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Rip Van Winkle
Rip Van Winkle” Washington Irving (1783-1859) was the youngest of eleven children born in New York City to an English mother and a Scottish father. The first native American to succeed as a professional writer, he remains important as a pioneer in American humor and the development of the short story. Unlike his brothers, Irving did not attend nearby Columbia College. In 1806, he passed his bar examination, but his heart was with literature. He published History of New York, a comic in which the narrator was his fictional character named “Diedrich Knickerbocker.” Irving\'s writing was so successful that the New York “Knicks” named their basketball team after Diedrich. Several years later, Irving moved to London and began to study German literature, scribbling original short tales based on his translations. On one inspired day he produced "Rip Van Winkle," which most scholars describe as the first American short story. In “Rip Van Winkle,” Washington Irving creates his masterful story by using imagery, irony, moralism, mysticism, and symbolism. To begin, Washington uses imagery to help produce his masterpiece, “Rip Van Winkle.” Irving uses many descriptive adjectives while describing Rip’s voyage into the Kaatskill mountains. Just before Winkle encounters the strange beings, he “lay musing at the scene of the cliffs scarcely lighted by the reflected rays of the setting sun, and the shadows that nightfall casts” (23). Irving makes us feel like we are actually next to Rip, watching the sunset. We become even more aware of the beautiful nightfall: “When the weather is fair and settled, they are clothed in blue and purple, and print their bold outlines on the clear evening sky, but, sometimes, when the rest of the landscape is cloudless, they will gather a hood of gray vapors about their summits, which, in the last rays of the setting sun, will glow and light up like a crown of glory” (3). Irving uses adjectives which bring to life the words portraying the sky. Depicting the mountains, Irving writes: “At the foot of these fairy mountains, the voyager may have descried the light smoke curling up from a village, whose shingle-roofs gleam among the trees, just where the blue tints of the upland melt away into the fresh green of the nearer landscape” (4). As we read these words, we begin to imagine and see what the scene really looks like. Irving Washington has created a story full of description by using imagery. Next, Washington develops the plot of the story by using irony. After wandering with his gun and his close companion, Wolf, Rip tracks himself into the upper parts of the mountains. Soon after, Rip comes across a stranger who was carrying what looked like a keg of liquor. So with the help of the Hollands, and a whole day of hiking, Rip falls into a deep, solemn slumber. But when he wakes up, he does not know how long he has slept or where both of his companions have gone off too. When he stumbles back to his home, Rip’s heart starts to break. He notices that his house is decaying, his favorite dog growls and snarls at his simple existence, and his wife and children are nowhere to be found. If we were in Rip’s position, we would definitely be confused as well. In search for answers, Winkle travels into town. Rip becomes aware that things are not as he had left them the day before. People of the town start to notice Rip’s grotesque appearance, with his long beard, his ancient gun, and unfashionable clothes. They start to walk in a large crowd around him, curious to see whom this unknown creature is. After a few minutes, a woman makes her way to the front of the crowd. “At this critical moment a fresh comely woman pressed through the throng to get a peep at the gray-bearded man. She had a chubby child in her arms, which, frightened at his looks, began to cry” (47). Ironically, Rip discovers that this woman he is speaking with is his little girl who he had left so long ago. “There was a drop of comfort, at least, in this intelligence. The honest man could contain himself no longer. He caught his daughter and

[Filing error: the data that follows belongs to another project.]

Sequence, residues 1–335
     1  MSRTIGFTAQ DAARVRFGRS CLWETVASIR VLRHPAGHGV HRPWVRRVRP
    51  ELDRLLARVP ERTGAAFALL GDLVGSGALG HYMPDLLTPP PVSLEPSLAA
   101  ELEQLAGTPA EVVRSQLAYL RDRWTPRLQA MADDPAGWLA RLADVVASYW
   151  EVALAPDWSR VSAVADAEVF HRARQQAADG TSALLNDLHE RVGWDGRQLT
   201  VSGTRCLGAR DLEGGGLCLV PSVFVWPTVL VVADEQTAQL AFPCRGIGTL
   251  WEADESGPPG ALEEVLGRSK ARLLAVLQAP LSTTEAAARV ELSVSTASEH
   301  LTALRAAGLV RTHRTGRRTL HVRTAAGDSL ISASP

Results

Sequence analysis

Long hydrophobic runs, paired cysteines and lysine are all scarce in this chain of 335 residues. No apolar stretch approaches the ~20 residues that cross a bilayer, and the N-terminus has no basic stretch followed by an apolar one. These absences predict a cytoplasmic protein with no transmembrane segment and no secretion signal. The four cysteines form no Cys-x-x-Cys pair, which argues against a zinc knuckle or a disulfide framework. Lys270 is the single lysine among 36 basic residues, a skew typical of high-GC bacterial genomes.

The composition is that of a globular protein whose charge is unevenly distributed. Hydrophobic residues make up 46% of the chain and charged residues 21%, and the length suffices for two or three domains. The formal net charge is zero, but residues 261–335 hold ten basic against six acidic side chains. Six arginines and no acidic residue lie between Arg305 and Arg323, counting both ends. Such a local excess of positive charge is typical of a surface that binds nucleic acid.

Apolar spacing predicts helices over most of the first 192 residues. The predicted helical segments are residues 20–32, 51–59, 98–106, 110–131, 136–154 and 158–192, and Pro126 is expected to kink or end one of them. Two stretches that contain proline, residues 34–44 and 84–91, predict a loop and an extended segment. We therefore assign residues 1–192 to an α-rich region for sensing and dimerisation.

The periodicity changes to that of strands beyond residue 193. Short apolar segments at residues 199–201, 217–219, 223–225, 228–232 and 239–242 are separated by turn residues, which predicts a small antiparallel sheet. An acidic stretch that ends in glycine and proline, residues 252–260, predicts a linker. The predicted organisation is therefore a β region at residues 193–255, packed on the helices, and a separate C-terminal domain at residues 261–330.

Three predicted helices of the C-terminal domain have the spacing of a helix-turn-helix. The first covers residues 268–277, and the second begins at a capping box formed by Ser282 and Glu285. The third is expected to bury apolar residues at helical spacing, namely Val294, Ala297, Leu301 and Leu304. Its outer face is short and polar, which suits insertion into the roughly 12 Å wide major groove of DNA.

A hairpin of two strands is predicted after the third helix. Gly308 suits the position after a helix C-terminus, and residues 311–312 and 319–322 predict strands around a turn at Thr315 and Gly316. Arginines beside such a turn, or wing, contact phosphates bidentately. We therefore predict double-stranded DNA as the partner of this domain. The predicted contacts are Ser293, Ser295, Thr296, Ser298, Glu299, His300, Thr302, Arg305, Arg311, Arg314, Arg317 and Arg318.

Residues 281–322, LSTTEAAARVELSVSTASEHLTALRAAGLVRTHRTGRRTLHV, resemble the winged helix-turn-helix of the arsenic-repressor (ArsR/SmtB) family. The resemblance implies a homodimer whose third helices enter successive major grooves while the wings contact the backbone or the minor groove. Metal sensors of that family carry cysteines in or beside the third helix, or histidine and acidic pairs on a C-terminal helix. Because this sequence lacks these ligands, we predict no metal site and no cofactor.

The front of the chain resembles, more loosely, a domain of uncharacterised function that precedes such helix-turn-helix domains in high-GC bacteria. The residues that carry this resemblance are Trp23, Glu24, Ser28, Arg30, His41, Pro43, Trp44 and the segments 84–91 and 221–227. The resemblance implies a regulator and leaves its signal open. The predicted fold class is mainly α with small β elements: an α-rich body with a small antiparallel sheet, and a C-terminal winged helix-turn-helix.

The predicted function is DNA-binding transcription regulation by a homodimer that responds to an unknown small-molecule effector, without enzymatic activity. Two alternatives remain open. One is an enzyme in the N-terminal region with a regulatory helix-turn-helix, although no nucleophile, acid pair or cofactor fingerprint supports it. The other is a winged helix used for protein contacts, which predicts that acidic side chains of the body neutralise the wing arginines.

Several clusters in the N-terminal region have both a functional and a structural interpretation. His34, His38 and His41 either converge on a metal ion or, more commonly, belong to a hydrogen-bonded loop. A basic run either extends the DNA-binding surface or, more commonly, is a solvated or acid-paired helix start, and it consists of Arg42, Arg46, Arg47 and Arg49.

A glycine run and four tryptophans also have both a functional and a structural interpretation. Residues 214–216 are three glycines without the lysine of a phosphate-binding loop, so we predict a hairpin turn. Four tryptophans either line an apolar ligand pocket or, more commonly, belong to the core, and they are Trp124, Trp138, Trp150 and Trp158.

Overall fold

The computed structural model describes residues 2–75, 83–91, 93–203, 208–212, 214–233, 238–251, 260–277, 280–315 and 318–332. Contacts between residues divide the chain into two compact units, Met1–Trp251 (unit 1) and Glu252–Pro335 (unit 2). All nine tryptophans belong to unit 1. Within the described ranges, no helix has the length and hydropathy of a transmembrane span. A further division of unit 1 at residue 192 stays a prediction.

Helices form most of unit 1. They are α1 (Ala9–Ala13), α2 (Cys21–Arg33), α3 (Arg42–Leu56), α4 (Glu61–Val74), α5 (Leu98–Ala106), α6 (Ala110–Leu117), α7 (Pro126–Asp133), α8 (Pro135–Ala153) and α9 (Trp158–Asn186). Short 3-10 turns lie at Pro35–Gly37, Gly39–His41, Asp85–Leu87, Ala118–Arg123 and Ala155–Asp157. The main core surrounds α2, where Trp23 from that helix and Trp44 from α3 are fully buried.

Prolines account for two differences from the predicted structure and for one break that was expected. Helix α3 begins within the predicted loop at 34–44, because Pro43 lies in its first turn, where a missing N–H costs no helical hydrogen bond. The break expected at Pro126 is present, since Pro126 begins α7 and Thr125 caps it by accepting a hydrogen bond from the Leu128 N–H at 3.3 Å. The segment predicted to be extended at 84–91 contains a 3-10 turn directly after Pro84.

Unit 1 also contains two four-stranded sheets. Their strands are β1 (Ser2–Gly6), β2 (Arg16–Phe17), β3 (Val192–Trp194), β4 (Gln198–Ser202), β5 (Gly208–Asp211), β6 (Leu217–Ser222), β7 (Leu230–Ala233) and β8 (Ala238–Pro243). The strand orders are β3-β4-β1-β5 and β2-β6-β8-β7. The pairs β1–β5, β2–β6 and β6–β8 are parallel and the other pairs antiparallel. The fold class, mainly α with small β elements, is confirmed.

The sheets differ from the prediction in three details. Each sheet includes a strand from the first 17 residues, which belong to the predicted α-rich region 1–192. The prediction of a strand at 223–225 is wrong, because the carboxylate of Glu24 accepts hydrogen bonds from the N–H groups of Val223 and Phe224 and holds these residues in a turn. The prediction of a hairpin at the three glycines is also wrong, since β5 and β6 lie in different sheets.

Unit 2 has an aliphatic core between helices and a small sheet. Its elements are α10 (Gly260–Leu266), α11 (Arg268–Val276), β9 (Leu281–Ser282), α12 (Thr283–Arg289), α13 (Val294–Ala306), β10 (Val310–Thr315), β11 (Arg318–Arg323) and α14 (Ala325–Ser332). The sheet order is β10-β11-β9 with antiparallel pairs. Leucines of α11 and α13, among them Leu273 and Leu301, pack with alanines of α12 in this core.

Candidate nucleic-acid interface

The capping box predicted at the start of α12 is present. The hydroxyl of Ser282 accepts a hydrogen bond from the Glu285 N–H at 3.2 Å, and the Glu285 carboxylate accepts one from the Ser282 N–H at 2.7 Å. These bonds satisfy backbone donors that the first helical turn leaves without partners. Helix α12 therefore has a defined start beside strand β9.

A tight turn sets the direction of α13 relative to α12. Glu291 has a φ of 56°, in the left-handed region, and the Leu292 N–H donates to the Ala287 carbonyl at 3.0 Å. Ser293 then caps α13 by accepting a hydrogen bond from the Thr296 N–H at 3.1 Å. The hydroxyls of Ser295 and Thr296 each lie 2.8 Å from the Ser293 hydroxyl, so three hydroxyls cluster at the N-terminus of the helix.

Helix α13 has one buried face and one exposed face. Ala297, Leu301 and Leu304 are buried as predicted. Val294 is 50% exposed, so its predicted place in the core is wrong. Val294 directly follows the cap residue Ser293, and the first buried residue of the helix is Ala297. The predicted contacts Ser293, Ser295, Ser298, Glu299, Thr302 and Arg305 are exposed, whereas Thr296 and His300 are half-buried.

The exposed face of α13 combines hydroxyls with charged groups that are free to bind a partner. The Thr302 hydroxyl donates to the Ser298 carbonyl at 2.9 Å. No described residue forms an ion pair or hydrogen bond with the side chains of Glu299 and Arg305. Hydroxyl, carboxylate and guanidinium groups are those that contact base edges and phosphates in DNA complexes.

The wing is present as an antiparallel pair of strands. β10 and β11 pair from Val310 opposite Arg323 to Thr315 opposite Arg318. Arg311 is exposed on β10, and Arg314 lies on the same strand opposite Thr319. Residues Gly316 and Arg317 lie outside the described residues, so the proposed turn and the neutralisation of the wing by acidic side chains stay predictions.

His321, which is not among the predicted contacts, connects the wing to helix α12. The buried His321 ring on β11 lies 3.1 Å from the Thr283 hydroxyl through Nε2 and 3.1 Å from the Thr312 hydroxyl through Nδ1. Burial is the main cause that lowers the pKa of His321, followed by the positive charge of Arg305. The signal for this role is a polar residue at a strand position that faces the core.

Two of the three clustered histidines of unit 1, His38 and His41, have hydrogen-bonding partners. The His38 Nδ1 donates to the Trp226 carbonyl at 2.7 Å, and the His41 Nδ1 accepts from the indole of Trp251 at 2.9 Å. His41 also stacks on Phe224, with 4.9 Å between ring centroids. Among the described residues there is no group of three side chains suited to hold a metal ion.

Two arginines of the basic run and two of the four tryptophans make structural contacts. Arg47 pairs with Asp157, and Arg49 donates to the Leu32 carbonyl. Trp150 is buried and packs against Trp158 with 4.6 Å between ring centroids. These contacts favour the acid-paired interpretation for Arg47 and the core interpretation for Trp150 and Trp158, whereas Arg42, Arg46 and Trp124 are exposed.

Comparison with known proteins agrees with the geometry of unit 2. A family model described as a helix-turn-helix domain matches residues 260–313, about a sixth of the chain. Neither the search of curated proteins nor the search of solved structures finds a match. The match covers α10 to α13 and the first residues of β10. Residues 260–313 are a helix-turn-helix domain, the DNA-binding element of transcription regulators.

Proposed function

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Rip Van Winkle, American folklore, Sleep, Rip, Washington Irving, Van Winkle, Termagant, Catskill Mountains
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